The reader is invited to investigate changes (or permutations) in the ringing of church bells, illustrated by braid diagrams showing the order in which the bells are rung.

Problem solving is at the heart of the NRICH site. All the problems give learners opportunities to learn, develop or use mathematical concepts and skills. Read here for more information.

How many ways can you write the word EUROMATHS by starting at the top left hand corner and taking the next letter by stepping one step down or one step to the right in a 5x5 array?

Find the point whose sum of distances from the vertices (corners) of a given triangle is a minimum.

Given a 2 by 2 by 2 skeletal cube with one route `down' the cube. How many routes are there from A to B?

A standard die has the numbers 1, 2 and 3 are opposite 6, 5 and 4 respectively so that opposite faces add to 7? If you make standard dice by writing 1, 2, 3, 4, 5, 6 on blank cubes you will find. . . .

Imagine you have six different colours of paint. You paint a cube using a different colour for each of the six faces. How many different cubes can be painted using the same set of six colours?

Blue Flibbins are so jealous of their red partners that they will not leave them on their own with any other bue Flibbin. What is the quickest way of getting the five pairs of Flibbins safely to. . . .

Bilbo goes on an adventure, before arriving back home. Using the information given about his journey, can you work out where Bilbo lives?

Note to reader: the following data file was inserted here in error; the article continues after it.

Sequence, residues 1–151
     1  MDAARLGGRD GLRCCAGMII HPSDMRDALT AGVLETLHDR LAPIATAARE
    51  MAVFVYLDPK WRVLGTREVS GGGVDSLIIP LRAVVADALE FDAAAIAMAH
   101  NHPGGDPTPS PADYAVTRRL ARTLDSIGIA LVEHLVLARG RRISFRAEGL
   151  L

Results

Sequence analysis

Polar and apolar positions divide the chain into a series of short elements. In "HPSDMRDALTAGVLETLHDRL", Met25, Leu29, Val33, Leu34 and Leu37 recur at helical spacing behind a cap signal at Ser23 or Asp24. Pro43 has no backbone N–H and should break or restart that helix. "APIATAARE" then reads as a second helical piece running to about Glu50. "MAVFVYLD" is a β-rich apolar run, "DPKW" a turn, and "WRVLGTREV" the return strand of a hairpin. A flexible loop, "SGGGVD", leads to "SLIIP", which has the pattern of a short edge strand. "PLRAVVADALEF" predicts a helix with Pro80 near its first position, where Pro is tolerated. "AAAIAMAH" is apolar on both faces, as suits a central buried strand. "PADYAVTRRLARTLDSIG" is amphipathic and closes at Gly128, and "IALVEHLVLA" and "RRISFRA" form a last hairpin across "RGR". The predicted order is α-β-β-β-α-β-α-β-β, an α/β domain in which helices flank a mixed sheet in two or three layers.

Imagine a stack of numbered cards with one on top. Discard the top, put the next card to the bottom and repeat continuously. Can you predict the last card?

We're excited about this new program for drawing beautiful mathematical designs. Can you work out how we made our first few pictures and, even better, share your most elegant solutions with us?

Given the nets of 4 cubes with the faces coloured in 4 colours, build a tower so that on each vertical wall no colour is repeated, that is all 4 colours appear.

Some students have been working out the number of strands needed for different sizes of cable. Can you make sense of their solutions?

A cyclist and a runner start off simultaneously around a race track each going at a constant speed. The cyclist goes all the way around and then catches up with the runner. He then instantly turns. . . .

Draw a pentagon with all the diagonals. This is called a pentagram. How many diagonals are there? How many diagonals are there in a hexagram, heptagram, ... Does any pattern occur when looking at. . . .

Two angles ABC and PQR are floating in a box so that AB//PQ and BC//QR. Prove that the two angles are equal.

A cheap and simple toy with lots of mathematics. Can you interpret the images that are produced? Can you predict the pattern that will be produced using different wheels?

Can you make a tetrahedron whose faces all have the same perimeter?

Use the interactivity to listen to the bells ringing a pattern. Now it's your turn! Play one of the bells yourself. How do you know when it is your turn to ring?

Glarsynost lives on a planet whose shape is that of a perfect regular dodecahedron. Can you describe the shortest journey she can make to ensure that she will see every part of the planet?

In this problem we are faced with an apparently easy area problem, but it has gone horribly wrong! What happened?

The triangle OMN has vertices on the axes with whole number co-ordinates. How many points with whole number coordinates are there on the hypotenuse MN?